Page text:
With regional specialties and recipes passed from generation to generation, in Italy, pasta sauce is a storied and serious business. Whether it’s a made-in-a-flash oil-based sauce or a long-simmering ragù, authentic Italian sauces are made from scratch using the finest ingredients.
Originating in Naples, marinara (“sailor-style”) is a classic Italian sugo (tomato-based sauce). Simple and sophisticated at the same time, marinara is made with only a few ingredients – tomatoes (Pomodoro S. Marzano dell’Agro Sarnese-Nocerino PDO), onions, garlic, herbs and Italian extra virgin olive oil. It is cooked vigorously and quickly to retain the zest and brightness of the tomatoes.
Luxuriously creamy-tasting and incredibly fast to make, carbonara – a Roman dish that roughly translates to “charcoal makers’ style” – is the ultimate rustic sauce made using eggs, Pecorino Romano PDO, Italian extra virgin olive oil, guanciale and salt and pepper to taste. The creaminess is achieved without any cream at all – the secret being to toss all the cooked ingredients together with the cheese, raw egg, hot cooked pasta and reserved pasta water until a creamy sauce coats the pasta.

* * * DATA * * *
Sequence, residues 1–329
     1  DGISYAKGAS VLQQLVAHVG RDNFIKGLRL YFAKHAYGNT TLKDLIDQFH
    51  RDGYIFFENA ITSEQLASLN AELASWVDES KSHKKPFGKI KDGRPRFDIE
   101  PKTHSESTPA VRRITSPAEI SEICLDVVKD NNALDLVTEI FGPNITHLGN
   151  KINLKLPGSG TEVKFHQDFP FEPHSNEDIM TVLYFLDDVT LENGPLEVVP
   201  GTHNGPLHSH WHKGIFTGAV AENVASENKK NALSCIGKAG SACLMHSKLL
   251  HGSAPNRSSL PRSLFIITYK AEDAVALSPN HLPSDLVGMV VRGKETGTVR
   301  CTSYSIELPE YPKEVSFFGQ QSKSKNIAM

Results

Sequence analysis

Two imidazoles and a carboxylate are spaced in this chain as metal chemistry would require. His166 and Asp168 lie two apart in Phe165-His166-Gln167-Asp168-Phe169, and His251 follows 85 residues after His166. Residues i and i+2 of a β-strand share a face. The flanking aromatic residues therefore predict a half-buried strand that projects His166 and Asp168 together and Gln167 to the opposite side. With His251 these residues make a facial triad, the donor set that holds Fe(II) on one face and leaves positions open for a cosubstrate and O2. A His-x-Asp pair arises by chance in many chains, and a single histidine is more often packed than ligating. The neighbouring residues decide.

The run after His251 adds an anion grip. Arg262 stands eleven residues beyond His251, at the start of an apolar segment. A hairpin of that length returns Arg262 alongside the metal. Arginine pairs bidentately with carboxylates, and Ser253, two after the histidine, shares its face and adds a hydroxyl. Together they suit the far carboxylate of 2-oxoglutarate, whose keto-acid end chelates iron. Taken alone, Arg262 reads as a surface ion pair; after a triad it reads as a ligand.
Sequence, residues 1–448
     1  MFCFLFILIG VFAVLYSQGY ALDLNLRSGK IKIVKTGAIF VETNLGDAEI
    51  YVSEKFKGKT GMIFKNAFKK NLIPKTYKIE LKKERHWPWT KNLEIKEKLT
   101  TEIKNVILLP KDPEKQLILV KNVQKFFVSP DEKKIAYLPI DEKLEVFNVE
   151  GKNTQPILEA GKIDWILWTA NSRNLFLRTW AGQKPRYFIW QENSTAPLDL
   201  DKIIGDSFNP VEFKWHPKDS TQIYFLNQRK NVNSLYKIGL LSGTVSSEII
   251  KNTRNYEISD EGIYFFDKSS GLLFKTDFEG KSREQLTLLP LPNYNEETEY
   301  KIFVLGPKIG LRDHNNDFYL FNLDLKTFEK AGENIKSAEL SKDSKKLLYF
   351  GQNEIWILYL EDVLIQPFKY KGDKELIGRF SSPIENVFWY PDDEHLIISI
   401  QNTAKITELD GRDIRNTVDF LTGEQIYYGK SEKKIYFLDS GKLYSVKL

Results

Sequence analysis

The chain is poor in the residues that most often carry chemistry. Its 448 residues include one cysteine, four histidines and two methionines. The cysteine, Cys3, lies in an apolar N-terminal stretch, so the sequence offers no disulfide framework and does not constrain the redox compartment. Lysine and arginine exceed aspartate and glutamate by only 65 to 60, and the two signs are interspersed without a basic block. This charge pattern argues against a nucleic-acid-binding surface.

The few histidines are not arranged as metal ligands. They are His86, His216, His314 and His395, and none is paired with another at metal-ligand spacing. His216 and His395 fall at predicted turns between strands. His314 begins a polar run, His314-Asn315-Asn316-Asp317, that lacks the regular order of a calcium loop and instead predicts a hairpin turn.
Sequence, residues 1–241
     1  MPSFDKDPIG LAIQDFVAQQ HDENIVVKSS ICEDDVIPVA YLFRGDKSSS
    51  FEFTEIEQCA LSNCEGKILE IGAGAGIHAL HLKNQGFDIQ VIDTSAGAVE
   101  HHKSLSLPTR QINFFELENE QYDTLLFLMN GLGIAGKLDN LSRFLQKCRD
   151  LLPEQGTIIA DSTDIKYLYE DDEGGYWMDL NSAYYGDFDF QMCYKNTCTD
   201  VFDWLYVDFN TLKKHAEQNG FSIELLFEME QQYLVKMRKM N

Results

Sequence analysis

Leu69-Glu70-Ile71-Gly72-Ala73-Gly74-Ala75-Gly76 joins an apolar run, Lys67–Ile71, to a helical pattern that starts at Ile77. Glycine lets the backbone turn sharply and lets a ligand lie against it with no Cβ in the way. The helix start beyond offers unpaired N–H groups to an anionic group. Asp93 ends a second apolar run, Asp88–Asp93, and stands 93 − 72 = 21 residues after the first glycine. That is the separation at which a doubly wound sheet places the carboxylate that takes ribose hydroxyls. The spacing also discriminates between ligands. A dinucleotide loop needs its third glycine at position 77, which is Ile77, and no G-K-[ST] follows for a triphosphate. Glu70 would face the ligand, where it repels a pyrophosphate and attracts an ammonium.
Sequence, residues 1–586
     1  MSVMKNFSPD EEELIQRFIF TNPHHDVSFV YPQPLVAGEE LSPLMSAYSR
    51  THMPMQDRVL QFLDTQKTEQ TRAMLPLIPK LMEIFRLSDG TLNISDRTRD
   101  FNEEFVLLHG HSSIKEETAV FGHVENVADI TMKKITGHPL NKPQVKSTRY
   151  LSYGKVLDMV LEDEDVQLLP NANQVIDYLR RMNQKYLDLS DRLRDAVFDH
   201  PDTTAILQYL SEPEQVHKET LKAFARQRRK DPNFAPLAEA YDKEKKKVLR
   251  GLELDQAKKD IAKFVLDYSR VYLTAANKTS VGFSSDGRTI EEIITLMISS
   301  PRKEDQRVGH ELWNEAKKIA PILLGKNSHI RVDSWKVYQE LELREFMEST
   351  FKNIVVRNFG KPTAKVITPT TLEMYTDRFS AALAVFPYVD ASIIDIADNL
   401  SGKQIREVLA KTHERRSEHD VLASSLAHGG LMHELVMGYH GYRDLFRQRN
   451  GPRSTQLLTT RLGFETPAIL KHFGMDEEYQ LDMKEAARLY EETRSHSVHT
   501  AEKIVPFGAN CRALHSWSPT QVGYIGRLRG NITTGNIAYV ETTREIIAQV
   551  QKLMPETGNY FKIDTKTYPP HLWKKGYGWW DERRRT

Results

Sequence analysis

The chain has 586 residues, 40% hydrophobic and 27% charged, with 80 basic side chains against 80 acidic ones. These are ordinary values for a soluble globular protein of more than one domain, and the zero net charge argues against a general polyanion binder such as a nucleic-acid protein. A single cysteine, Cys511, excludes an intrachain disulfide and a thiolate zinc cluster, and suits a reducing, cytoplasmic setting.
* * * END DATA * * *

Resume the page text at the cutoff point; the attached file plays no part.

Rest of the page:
- Ragù alla Bolognese
Italy’s most famous meat sauce comes in the form of ragù alla Bolognese, from Bologna. Dating back to the 18th century, this rich and hearty slow-cooked sauce typically includes minced beef, pancetta, sautéed vegetables and wine. Insider tip: ragù alla Bolognese is traditionally served with a flat, ribbon-like egg pasta such as tagliatelle or fettuccine, not spaghetti.
- Pesto alla Genovese
The distinct, vibrant green colour of this sauce is a completely natural result of fresh, young basil leaves. Originating in Genoa, Liguria, the term “pesto” comes from the Genoese verb pestâ, which means to pound or crush – referring to its original method or preparation. Commonly known as pesto alla Genovese, this sauce is a blend of basil, crushed garlic, coarse salt, pine nuts, grated Pecorino Sardo PDO, Parmigiano-Reggiano PDO and Italian extra virgin olive oil. This delicious mix is used to flavour everything from pasta to seafood to sandwiches.
- Aglio, Olio e Peperoncino
Quite literally translated into “garlic, oil and chili pepper” aglio, olio e peperoncino is one of the simplest and most essential Italian pasta sauces. Stemming from Naples, aglio, olio e peperoncino is typically accompanied with spaghetti and finely chopped parsley to garnish – no cheese needed. Instead, starchy pasta water is used to help emulsify and thicken the sauce.